In 2020, director Emerald Fennell made quite a critical splash with her complex first feature, Promising Young Woman. Her follow-up, Saltburn, takes a similar approach to the storytelling, says colorist Matt Wallach, who handled the grade for this unusual film, Wallach’s fourth collaboration with Oscar-winning cinematographer Linus Sandgren. “It starts out as one genre, and then a switch flips, and it’s a different type of film,” says Wallach, adding of Fennell, “She has a unique voice as a filmmaker.”
The film is set at Oxford University in 2006; a scholarship student, Oliver (Barry Keoghan), becomes entangled with a charismatic young man, Felix (Jacob Elordi), who comes from a world of old money totally foreign to Oliver. The two become close after a chance meeting, leading to Oliver spending his post-freshman-year holiday at Felix’s family estate, where the story soon transforms from a light and romantic style to a thriller steeped in class differences, decadence and obsession. Similar to Fennell’s first feature, the film also plays cleverly with audience expectations about who it is that has the upper hand.
The production was shot in an English country estate with high ceilings and cavernous rooms. Sandgren, who shot on film as his general preference, decided to shoot in the classical 1.33:1 aspect ratio. “Anything else would do an injustice to the beautiful locations,” says Wallach. “You’d lose so much headroom, which is also an important aspect of how daunting the location is supposed to feel. There are a lot of themes at play, and the square image helps make the main character seem even more out of place in the space.”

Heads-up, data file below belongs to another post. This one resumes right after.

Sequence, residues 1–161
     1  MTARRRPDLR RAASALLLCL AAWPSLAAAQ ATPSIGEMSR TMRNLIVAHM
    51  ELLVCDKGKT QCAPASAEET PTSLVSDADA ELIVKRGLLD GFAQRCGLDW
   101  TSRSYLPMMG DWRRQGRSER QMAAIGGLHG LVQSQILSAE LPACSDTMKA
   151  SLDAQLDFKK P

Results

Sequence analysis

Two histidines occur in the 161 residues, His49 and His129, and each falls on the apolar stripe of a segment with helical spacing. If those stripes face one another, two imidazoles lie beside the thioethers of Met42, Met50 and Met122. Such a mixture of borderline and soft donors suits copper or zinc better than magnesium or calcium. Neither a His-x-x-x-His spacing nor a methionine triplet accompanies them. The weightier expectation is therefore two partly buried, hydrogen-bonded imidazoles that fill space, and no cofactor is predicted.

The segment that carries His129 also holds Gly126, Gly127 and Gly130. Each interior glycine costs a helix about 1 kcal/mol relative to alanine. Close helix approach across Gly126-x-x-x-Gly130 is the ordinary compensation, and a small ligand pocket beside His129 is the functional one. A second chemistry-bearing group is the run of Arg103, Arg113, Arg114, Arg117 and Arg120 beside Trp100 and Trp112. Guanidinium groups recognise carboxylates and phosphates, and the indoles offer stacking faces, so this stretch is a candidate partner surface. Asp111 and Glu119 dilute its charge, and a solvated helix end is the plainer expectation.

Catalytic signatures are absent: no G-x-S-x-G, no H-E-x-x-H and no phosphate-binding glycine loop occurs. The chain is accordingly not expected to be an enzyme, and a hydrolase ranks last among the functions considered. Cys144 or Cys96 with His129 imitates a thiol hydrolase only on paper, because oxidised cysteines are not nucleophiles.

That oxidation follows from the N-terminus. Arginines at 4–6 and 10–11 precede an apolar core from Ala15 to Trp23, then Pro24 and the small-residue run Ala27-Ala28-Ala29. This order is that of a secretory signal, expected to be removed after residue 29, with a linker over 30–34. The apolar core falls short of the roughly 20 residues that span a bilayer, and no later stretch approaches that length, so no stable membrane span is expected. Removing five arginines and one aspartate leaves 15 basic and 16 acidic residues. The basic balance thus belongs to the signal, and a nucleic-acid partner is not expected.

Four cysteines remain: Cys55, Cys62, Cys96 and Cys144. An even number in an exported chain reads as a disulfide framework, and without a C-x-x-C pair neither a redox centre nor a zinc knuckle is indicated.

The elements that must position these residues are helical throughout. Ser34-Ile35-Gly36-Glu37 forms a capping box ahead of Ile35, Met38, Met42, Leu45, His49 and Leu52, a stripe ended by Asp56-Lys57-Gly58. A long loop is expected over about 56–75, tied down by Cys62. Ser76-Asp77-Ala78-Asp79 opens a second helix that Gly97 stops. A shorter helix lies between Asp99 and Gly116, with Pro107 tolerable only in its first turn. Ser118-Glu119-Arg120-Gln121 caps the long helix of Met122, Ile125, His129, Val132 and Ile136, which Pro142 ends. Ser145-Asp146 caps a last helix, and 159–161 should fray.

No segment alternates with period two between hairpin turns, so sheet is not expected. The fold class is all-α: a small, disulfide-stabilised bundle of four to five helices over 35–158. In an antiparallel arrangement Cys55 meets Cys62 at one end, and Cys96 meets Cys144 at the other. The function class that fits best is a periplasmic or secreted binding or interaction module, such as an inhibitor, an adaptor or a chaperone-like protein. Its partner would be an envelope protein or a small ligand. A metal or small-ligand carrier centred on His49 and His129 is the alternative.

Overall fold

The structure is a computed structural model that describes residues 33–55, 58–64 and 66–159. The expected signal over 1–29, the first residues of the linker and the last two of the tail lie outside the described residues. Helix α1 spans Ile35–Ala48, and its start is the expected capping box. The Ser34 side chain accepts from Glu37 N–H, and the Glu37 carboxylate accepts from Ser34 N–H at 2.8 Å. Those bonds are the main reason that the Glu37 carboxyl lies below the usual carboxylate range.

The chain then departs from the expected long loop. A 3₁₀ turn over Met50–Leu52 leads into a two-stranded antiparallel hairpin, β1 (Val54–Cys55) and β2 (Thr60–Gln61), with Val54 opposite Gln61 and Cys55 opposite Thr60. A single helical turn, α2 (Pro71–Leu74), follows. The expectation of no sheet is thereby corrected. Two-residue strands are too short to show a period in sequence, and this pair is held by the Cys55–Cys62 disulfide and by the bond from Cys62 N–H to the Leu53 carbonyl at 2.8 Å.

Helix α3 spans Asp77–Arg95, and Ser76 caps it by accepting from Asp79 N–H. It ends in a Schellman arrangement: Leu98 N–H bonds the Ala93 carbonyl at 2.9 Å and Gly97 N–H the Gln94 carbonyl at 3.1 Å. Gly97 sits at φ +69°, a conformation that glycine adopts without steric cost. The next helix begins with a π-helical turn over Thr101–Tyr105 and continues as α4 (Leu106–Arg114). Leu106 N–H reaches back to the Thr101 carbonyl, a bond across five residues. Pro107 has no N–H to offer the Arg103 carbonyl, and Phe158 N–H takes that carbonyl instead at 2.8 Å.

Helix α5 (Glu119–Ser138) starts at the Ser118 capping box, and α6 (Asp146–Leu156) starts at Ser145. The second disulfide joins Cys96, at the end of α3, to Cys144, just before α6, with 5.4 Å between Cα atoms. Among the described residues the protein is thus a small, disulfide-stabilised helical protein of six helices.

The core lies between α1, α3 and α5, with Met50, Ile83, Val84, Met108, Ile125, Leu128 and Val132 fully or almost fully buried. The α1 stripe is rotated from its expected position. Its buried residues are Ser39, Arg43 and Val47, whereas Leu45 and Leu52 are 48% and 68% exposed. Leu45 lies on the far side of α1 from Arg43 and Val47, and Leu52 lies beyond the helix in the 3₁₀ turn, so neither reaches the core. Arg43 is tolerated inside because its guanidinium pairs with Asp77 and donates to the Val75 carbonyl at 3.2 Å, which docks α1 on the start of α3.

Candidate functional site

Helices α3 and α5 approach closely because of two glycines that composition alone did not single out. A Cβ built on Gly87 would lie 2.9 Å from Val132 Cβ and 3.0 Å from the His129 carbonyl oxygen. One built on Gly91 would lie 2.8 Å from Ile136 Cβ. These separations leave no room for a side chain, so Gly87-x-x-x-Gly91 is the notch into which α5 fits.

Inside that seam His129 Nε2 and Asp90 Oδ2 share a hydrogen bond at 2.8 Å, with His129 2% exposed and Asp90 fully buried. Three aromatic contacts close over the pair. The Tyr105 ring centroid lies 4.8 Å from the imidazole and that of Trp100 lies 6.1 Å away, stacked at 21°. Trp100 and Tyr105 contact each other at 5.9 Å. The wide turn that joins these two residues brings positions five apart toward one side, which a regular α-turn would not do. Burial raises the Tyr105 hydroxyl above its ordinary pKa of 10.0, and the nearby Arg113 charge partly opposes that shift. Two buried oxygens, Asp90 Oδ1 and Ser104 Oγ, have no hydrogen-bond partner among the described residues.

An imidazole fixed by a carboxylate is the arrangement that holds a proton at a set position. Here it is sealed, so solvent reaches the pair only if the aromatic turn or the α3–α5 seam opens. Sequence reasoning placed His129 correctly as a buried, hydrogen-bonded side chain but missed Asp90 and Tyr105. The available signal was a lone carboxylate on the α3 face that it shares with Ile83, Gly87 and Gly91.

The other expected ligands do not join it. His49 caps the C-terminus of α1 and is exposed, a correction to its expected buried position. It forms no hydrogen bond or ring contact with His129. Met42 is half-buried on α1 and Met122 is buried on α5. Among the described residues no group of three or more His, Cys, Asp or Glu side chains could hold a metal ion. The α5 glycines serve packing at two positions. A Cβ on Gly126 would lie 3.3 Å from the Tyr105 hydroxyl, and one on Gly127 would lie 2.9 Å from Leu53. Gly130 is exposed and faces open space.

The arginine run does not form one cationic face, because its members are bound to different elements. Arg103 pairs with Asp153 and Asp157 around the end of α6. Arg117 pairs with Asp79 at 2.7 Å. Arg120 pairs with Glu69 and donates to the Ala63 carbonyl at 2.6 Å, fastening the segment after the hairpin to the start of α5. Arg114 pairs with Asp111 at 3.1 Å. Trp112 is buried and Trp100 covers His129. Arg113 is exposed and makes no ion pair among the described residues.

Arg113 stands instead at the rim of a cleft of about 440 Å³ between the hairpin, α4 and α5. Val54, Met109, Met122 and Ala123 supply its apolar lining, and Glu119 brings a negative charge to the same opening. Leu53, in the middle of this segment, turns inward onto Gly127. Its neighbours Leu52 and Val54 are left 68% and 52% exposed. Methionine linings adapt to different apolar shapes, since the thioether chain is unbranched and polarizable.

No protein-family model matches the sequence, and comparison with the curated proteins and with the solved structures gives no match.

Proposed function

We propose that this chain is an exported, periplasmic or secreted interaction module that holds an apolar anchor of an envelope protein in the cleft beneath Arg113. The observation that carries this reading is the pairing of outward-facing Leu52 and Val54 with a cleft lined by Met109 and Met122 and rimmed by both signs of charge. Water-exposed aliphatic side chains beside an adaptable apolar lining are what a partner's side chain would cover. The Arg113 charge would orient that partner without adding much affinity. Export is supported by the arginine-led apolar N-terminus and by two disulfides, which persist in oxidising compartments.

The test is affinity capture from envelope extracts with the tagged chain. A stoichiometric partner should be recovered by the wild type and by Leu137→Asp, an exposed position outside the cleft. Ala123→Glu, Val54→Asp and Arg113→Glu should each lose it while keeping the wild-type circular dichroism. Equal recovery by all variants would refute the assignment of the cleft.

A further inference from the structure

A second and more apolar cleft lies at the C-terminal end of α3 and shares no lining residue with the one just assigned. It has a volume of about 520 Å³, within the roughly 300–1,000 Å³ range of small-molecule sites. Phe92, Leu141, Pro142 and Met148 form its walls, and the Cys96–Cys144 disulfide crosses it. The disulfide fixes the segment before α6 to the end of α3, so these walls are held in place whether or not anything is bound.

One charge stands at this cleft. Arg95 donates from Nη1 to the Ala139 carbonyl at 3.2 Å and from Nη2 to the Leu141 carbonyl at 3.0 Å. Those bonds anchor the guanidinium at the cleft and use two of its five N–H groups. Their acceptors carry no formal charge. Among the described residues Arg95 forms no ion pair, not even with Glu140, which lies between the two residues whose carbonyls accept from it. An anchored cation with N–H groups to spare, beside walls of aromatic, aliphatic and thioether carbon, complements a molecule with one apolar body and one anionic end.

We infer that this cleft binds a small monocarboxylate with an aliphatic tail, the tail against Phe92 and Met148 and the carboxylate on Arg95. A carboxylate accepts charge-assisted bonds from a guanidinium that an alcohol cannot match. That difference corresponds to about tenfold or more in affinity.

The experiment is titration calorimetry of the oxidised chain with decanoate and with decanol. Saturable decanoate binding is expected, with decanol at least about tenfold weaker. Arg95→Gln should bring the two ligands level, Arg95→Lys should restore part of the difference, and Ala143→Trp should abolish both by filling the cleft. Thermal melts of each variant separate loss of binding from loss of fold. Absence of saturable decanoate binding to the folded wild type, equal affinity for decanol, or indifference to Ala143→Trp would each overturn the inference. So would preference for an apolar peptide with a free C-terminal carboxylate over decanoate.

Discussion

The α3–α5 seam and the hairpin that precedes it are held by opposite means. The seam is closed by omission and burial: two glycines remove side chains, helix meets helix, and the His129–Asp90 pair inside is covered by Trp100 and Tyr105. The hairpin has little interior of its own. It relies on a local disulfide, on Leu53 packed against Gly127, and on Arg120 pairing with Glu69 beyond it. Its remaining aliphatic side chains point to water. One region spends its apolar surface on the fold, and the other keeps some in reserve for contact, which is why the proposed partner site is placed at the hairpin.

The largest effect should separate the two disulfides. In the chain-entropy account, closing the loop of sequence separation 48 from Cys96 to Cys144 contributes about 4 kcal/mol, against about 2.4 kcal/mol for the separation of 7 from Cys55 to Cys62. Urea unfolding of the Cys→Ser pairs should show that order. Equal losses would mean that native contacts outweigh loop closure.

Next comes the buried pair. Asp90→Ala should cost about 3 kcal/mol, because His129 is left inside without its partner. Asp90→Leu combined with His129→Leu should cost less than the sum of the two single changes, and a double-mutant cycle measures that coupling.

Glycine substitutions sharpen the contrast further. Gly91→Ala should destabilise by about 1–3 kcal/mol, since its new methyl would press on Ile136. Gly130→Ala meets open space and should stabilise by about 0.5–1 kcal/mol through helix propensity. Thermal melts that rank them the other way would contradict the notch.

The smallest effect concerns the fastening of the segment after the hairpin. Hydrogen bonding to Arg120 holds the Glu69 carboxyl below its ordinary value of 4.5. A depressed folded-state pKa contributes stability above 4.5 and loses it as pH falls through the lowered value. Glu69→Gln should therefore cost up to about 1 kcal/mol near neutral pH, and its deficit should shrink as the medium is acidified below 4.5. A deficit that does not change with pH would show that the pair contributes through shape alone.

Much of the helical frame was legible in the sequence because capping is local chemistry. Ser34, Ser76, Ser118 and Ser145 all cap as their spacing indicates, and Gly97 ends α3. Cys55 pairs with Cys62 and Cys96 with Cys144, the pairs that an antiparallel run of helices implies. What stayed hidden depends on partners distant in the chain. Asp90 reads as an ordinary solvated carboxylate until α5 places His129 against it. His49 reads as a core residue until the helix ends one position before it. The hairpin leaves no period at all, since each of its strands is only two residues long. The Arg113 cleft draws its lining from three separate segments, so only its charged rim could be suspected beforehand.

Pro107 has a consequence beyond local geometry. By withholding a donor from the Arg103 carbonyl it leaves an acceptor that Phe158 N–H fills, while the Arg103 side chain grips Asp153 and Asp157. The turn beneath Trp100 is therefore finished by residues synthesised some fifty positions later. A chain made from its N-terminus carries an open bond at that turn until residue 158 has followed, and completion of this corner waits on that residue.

In the final grade, says Wallach, “Linus really likes us to go in and affect the different regions of the curve separately. So, we would do things like warm the highlights slightly while keeping the shadows cool, rather than making an adjustment that changes the entire image. That’s where we got into using tools in the Resolve, like the Custom Curves and the Color Warper, to subtly bring out, say, the red lights in a party scene or the steely blue moonlit tones and a night exterior while always keeping the skin tones where they should be. With Linus, skin tone always has priority.
“There are definitely scenes in this film that challenge the audience with the subject matter, and there are some disturbing things happening on screen,” Wallach notes. “We really wanted to find ways, especially in those moments, to make the image so beautiful that you don’t want to look away.”
Saltburn, from Amazon MGM Studios, is now playing in theaters.